You can eat almost every part of the fava plant. Young, tender pods are edible at 2” and can be enjoyed fresh, much like a snap bean. For mature sized fresh beans, harvest when pods are green and the seeds inside are light green. At this stage, fava beans have a delicately nutty, buttery, and light pea flavor. Boil bean seeds briefly (30 to 60 seconds), then peel the bean’s outer layer, and voila! Beans are delicious simply sautéed in butter with herbs and salt and pepper. Similar to pea shoots, the leaves and stunning flowers are also edible with a sweeter, milder flavor. Cutting or pinching the top leaves off encourages plants to branch. If you know you won’t be able to eat all your favas fresh, you can let them dry right on the plant. Dried beans are ready when pods are dry and brown, and the seeds inside are dry. Harvest the beans and store them in an airtight container in a cool, dry place until you are ready to use them.

Favas, especially small seeded types like Sweet Lorane Improved, can be used as an excellent cover crop to enrich the soil with nitrogen. Favas and peas literally pull nitrogen out of the air and make it available to other plants in the soil. If you are using favas only for cover crop, cut them down just as flower buds appear, and work them into the soil 3 weeks before planting your garden. You can also cut plants down and add them to your compost pile so that you can sow right away. If you are planning on eating favas, you can work plants into the garden bed or compost pile after harvesting.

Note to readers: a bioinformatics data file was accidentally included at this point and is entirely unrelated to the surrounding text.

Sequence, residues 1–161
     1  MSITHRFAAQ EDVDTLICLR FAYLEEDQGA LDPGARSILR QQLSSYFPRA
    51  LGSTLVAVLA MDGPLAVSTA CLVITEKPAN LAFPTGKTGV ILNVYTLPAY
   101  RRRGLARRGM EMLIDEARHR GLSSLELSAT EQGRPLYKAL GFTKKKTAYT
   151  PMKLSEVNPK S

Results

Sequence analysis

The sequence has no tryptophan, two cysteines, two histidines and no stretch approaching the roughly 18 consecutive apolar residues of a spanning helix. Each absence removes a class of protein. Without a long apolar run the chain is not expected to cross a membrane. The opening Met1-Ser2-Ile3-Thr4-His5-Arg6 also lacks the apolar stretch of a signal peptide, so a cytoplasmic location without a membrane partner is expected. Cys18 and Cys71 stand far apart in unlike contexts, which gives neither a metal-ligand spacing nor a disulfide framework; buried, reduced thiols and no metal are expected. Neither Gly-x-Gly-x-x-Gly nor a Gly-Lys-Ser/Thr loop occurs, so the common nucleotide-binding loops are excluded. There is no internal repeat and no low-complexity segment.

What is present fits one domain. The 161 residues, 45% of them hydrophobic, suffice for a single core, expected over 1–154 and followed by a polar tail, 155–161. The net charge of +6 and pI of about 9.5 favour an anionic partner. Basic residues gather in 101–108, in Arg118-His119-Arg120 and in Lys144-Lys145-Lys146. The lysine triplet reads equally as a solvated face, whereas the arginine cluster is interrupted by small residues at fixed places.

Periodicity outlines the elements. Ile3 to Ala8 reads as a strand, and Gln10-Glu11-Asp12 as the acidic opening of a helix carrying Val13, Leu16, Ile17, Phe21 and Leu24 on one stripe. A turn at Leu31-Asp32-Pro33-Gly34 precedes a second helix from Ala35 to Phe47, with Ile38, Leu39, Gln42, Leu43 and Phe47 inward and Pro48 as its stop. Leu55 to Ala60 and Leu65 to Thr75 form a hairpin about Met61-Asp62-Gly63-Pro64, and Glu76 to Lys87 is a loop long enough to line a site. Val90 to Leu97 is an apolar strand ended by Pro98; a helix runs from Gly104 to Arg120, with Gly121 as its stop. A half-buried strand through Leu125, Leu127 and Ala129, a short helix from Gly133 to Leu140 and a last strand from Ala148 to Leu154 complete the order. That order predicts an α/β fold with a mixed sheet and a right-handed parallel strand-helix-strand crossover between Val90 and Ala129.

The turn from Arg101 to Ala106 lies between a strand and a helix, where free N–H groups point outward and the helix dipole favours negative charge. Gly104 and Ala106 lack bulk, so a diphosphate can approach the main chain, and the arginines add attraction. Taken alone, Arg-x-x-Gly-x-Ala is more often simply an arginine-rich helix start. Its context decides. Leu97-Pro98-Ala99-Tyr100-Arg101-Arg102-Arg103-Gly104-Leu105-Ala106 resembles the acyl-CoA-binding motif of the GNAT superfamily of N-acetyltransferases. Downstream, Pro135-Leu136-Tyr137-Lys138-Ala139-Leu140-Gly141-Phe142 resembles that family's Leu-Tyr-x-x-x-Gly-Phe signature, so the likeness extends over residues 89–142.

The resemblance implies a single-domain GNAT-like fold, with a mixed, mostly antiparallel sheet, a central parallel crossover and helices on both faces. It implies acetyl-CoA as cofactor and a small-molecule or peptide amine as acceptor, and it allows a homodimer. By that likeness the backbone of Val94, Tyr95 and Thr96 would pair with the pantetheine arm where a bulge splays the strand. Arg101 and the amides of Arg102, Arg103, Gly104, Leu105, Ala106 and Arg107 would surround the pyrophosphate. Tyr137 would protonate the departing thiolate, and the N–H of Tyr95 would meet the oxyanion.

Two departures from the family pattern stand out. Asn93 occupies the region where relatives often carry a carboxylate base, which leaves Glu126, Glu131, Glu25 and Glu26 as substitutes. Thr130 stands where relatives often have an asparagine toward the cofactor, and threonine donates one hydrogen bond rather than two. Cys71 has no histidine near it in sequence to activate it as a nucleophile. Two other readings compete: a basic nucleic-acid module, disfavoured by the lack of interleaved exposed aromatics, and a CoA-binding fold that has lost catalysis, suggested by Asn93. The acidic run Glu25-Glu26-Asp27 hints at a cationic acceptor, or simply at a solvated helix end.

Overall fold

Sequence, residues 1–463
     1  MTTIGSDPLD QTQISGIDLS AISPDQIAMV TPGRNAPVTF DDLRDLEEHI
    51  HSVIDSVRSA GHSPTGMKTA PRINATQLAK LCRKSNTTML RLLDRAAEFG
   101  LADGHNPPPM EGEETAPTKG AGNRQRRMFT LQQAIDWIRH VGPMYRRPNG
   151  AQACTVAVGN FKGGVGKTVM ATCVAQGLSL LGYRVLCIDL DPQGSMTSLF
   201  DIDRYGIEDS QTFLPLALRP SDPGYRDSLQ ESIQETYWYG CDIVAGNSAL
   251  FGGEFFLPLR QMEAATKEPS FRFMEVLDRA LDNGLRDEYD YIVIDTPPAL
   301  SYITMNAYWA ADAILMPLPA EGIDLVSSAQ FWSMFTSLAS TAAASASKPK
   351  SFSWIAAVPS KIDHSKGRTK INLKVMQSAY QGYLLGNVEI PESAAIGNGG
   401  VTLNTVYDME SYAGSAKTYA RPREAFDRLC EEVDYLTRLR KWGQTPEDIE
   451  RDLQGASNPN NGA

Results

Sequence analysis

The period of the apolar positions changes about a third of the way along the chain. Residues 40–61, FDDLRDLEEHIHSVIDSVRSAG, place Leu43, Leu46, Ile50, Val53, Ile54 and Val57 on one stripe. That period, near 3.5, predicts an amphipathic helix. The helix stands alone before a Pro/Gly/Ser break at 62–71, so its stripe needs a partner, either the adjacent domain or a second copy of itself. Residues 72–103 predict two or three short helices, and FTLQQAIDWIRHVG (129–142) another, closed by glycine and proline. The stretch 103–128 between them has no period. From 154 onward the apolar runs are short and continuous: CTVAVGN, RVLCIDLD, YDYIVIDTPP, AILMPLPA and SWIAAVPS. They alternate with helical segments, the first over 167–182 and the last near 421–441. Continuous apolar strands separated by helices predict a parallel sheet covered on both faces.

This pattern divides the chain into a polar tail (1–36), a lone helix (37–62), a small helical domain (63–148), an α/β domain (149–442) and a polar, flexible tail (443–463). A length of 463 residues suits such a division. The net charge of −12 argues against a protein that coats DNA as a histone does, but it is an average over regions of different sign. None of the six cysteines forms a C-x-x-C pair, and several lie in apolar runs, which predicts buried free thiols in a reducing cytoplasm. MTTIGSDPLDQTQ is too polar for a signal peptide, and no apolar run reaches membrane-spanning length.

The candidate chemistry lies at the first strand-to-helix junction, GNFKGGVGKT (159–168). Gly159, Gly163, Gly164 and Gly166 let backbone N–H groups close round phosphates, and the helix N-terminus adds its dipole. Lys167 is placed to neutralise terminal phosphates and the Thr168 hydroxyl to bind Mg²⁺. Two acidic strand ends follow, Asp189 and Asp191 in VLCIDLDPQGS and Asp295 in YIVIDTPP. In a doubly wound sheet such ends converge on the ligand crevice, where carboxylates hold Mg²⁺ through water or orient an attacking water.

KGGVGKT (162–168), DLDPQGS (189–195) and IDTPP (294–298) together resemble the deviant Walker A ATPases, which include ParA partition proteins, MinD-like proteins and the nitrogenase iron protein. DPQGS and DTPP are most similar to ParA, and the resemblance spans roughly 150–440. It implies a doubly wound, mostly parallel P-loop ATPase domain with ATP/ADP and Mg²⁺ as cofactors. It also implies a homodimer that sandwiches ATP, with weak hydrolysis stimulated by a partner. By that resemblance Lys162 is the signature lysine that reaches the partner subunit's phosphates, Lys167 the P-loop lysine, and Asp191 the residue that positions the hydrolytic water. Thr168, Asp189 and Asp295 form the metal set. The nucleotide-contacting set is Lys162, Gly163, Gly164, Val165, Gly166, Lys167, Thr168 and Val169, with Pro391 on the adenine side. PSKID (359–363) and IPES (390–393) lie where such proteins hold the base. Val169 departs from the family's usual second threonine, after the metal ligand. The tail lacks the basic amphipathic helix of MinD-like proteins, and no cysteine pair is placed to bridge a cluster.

Fava beans are cool season champions. They germinate in soils as cool as 35°F and their foliage can handle temperatures in the 20s. I sow favas directly in my garden or an outdoor container 4 to 6 weeks before the average last spring frost or in the fall, 4 to 6 weeks ahead of the first fall frost. Soaking seeds in water for 12 to 24 hours ahead of time helps germination. Their roots are sensitive to transplanting, so we don’t recommend starting fava beans indoors. Fava beans are actually more closely related to a pea than a bean. Their pea-like flowers are white with black specks and whiskers. Plants can reach 2’–4’ tall depending on the conditions. If they get large, you may want to stake them in case of wind.

Windsor fava bean is a heirloom type, which produces 6”–8” beans, each with up to 8 large, light green beans per pod. Sweet Lorane Improved is a small-seeded type with about 6 tanish green seeds in 4”–6” pods. I like to sow both because Sweet Lorane matures slightly faster giving me a longer harvest period between the two.

There is so much to love about favas—from their history, to improving your soil and being delicious. Give fava beans another chance! You won’t be disappointed.

CAUTION: People deficient in an enzyme called glucose-6-phosphate dehydrogenase (G6PD) should not handle seeds, consume fava beans, or inhale its pollen.